Fixing frustration

From meltdowns to temper tantrums, dealing with your child’s frustrations can be, well … frustrating. It is those moments where your child just simply can’t handle the big frustrations – some call it similar to “flipping a switch” or reaching a “breaking point.”

Katie Hurley, LCSW, writes, “Anger and frustration are powerful emotions, and children’s reactions can be intense in the moment. As adults, we know when our anger buttons are pushed. We know what we need to do to work through something frustrating in an appropriate manner. Kids, however, don’t enter this world with a pocket full of frustration management skills.”

For children to effectively face different situations in their daily life, they need to learn to deal with frustration from an early age. As parents, you have an opportunity to teach your child frustration tolerance.

Teach coping skills

One of the most unique strategies is called “body mapping.” Work with your child to draw the outline of a person and to think about all the places on his/her body that feels sore or different when they are mad. Use yourself as an example, pointing out that your head hurts when you’re mad, and that makes your head feel dizzy. Help your child identify the places on their body that hurt, and color those places red. Tell your child that when those places start to feel red, his body is signaling him to get help in a frustrating moment.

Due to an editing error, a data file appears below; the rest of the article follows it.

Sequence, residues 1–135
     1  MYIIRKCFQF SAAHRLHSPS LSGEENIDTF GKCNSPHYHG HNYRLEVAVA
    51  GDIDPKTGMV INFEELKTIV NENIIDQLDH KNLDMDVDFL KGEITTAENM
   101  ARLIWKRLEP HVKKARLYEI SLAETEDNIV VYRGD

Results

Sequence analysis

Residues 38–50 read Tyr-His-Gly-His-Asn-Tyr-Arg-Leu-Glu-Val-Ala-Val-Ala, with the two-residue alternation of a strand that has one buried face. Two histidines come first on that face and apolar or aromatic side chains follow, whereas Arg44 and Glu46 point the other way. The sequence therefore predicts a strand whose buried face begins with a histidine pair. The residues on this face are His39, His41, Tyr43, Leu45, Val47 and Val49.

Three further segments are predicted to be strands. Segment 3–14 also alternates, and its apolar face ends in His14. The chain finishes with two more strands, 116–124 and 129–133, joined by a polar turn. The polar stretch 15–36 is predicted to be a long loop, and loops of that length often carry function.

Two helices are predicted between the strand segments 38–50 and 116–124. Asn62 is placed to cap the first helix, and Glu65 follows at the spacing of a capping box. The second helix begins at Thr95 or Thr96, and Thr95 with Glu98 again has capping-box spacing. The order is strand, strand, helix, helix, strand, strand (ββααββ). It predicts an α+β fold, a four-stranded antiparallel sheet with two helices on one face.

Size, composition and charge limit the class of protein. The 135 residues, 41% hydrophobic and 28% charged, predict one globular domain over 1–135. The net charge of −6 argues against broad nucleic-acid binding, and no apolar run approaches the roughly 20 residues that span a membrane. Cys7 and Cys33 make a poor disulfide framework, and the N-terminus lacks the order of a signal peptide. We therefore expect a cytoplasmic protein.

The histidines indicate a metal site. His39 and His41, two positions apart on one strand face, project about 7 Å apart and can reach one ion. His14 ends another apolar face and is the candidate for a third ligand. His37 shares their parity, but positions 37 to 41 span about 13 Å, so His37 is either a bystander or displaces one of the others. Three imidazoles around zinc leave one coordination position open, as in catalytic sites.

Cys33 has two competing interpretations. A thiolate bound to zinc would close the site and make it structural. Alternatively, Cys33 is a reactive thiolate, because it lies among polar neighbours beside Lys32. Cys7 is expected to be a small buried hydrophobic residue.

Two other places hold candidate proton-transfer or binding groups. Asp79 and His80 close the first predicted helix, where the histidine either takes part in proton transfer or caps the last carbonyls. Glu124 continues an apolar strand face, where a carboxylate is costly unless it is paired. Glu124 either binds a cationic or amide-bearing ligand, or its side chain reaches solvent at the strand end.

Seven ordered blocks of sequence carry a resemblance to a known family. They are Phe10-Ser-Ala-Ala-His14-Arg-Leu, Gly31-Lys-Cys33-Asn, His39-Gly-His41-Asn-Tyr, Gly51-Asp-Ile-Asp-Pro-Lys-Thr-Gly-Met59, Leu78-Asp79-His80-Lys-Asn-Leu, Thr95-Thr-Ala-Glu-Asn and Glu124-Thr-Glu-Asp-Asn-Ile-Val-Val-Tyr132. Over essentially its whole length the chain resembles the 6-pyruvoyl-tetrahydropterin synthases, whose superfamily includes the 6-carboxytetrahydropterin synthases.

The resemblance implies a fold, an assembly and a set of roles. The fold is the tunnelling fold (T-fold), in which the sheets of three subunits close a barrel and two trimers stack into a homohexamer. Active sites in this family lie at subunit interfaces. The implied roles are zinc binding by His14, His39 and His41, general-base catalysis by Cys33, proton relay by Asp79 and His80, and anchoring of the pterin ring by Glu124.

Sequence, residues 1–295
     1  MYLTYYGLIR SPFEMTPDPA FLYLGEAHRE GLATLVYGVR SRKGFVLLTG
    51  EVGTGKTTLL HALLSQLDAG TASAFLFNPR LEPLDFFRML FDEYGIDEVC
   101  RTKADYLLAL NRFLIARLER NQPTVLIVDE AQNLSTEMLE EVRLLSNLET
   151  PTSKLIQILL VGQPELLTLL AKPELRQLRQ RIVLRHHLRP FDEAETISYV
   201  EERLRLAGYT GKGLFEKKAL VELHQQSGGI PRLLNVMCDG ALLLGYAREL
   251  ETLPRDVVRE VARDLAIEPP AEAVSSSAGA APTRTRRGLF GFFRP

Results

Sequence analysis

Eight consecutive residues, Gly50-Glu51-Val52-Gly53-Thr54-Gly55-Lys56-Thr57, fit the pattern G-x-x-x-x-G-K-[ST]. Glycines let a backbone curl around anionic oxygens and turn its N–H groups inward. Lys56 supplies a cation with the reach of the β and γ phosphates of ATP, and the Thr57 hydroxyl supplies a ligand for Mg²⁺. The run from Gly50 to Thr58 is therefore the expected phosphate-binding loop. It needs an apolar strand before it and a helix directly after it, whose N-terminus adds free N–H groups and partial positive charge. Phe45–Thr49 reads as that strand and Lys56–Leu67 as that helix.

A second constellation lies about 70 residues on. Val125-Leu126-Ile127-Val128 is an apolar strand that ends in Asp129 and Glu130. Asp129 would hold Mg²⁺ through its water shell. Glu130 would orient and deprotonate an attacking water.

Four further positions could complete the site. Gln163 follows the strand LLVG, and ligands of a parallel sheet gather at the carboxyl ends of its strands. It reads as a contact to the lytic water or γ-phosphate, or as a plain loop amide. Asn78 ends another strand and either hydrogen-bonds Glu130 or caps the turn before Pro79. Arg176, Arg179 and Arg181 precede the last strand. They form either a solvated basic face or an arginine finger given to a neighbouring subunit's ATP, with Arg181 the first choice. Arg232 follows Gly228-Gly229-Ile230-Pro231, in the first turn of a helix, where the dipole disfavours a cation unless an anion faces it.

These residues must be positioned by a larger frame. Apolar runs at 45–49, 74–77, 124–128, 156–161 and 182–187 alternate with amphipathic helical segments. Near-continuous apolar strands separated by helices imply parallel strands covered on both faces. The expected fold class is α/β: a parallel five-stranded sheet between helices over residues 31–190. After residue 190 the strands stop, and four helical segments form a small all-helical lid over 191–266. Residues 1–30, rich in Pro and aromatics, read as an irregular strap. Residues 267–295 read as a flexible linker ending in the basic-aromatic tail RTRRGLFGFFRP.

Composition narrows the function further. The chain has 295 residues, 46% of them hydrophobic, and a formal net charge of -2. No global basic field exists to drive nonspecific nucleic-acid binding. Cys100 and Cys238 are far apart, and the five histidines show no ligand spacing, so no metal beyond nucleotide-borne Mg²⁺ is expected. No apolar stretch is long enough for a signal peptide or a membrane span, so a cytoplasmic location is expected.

Take notice of your child’s behavior with each incident and learn what triggers can bring on intense behaviors. PBS.org notes the following triggers that often can bring about big frustration: negative peer interactions, challenging academics (yes, even in preschool-cutting with scissors can be very frustrating), feeling misunderstood by others, lack of control, hunger, exhaustion and unexpected situations. Keeping a trigger tracker noting when, where and why tantrums are happening can help parents respond accordingly.

Practice deep breathing – both parents and children. I taught my son this technique years ago, knowing that some incidents will trigger anger more than others. For us, it takes just 10 deep breaths, counting down until the tears end. Others might want to consider, the stoplight method. Most children know that red means stop, yellow means slow down and green means go. In this method, teach them to visualize a red light to stop in a moment of frustration. This is when they can tap into deep breathing to calm their minds and bodies. When they shift to a yellow light, they should think of three possible solutions. When they visualize the green light, they can pick an option and move forward.

Lies About Parenting suggests that “By limiting exposure to age-appropriate frustration, we are discouraging the development of perseverance, determination and ability to handle uncomfortable events. It is said that children with greater frustration tolerance grow up to be happier and more successful. They understand that things aren’t always easy and pleasant, and they survive it.”

Teaching children to cope with their frustrations will benefit them their entire life.

I hope you and your family are having an enjoyable summer.


Carrie Kube is a Director for Iowa River Valley Early Childhood Area Board.

All thoughts and opinions expressed are that of the author and not the Board and/or its community partners.